Fairs, Senior Citizens, and Politics

The other day I spent a few hours at a fair volunteering for a political candidate.  My job was simple: sit at the booth and pass out flyers.  But there was one thing I didn’t think through entirely: I was volunteering on Senior Citizen Day.

For those of you who don’t know, on Senior Citizen Day most fairs let Senior Citizens in for free.  Not only that, but a lot of the booths also give out tons of free stuff!  It’s the day old women all across the county come home with 57 pens, 32 pamphlets, 4 bags, and a sunburn.  I counted.

Anyway, as you could imagine, senior citizens kindof have engrained and immutable political opinions… which made my job interesting.  The following paraphrases are based on what I heard volunteering,

“The only problem I have with her [the congressional candidate I was volunteering for] is that she’s a lawyer.  I don’t trust lawyers.” -Some guy wearing a John Deere hat (or at least I think it was a John Deere hat, I just kinda picture all old men in John Deere hats)

“I’ve never voted Democrat, but I think Hillary might have my vote.” -A really, really short old guy (when I say really short, I mean like 4.5 feet short)

“Charlie tells me who to vote for.” -Charlie’s father… Or grandfather?

“I’m not gonna vote.  Both of them are terrible.  Both are crooked.” -Super high voiced old lady with a walker

While I was thoroughly entertained (and quite blessed with free stuff) by these older people, it made me wonder, how many of them are going to vote at all and how will that affect the election?

The way I see it is, people are only paying attention to the presidential election, so when we have two majorly disliked candidates, people will just stay home.  They won’t even vote for local elections!  What’s going to happen to Congress?  What about governors?  School boards?  It will be a nation run federally and locally by people who do not represent all of their constituents, but only the vocal few.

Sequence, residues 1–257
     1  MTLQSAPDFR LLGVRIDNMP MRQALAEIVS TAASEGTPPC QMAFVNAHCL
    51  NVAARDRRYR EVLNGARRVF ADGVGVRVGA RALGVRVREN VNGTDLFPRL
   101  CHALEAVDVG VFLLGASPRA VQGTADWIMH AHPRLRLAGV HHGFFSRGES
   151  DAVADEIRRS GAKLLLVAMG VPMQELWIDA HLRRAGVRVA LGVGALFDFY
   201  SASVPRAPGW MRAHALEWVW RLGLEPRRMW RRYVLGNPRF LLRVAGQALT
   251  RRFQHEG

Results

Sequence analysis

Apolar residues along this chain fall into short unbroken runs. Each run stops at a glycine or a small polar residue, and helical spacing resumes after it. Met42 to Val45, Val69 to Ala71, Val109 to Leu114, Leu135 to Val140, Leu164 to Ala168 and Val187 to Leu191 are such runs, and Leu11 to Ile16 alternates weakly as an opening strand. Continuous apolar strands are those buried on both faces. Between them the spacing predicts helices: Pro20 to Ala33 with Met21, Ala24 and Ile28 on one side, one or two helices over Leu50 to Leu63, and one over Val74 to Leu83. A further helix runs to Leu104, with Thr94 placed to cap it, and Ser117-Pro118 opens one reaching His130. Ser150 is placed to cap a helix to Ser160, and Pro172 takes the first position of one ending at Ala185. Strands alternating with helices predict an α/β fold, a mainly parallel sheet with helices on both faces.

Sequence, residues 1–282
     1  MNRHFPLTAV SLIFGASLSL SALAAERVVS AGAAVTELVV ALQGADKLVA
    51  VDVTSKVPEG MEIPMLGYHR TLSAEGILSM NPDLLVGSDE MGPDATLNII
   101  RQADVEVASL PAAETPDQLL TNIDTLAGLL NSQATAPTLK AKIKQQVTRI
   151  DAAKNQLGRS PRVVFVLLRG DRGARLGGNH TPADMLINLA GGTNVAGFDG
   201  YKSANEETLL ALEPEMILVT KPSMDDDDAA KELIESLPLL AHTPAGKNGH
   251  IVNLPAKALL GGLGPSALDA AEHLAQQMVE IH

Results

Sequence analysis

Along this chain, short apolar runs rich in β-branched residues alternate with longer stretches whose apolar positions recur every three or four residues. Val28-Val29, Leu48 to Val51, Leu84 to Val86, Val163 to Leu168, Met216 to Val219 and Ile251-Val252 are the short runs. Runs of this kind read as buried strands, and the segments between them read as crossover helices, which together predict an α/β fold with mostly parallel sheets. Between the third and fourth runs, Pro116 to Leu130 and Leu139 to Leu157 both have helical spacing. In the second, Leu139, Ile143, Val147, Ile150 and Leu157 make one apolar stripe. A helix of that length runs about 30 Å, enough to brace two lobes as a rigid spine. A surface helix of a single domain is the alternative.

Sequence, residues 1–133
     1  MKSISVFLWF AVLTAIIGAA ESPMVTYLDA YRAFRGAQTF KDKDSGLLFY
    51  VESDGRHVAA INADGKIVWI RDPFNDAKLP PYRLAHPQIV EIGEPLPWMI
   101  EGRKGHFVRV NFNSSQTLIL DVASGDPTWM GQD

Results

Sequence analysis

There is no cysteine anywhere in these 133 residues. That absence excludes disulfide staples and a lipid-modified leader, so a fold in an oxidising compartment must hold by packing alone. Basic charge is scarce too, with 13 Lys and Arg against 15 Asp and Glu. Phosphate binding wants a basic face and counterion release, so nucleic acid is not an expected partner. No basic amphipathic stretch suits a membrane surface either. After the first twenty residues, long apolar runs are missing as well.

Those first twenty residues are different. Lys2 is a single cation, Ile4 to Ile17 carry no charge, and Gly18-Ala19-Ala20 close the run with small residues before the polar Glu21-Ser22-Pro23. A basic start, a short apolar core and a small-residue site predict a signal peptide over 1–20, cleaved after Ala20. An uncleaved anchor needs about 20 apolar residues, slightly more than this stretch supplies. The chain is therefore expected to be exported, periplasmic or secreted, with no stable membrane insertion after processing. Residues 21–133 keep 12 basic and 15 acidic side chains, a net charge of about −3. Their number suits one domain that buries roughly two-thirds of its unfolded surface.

So how can we prevent this non-representative government?  My conclusion: enthusiasm.  I know that’s an odd lesson to learn from Senior Citizen Day, but hear me out.  Whichever campaign can generate more enthusiasm for their candidate will generate more voters, and if a campaign can get people to show up just to vote for their candidate, chances are that all candidates of that party will benefit.

“But how can I become enthusiastic if I don’t entirely agree with my candidate?”  My answer: pick an issue that you and your candidate agree on, then look at the other options.  Let’s take abortion as an example.  Let’s assume a pro-life candidate won your party’s primary (for Senate, House, President, whatever), but you disagree with them on trade and social security.  Does that disagreement have to strip you of your enthusiasm over the life issue?  Of course not!  No candidate is perfect, and it’s a shame that so many of us think they have to be.

That being said, what candidates are you going to support in your local, state, and federal elections?  In what areas do you agree with them?  In which areas do you disagree?  Make a list.  Pick an issue.  Get out the vote.  This election doesn’t have to be just a Presidential one.  Spread awareness for the down ticket elections, our nation is at stake.


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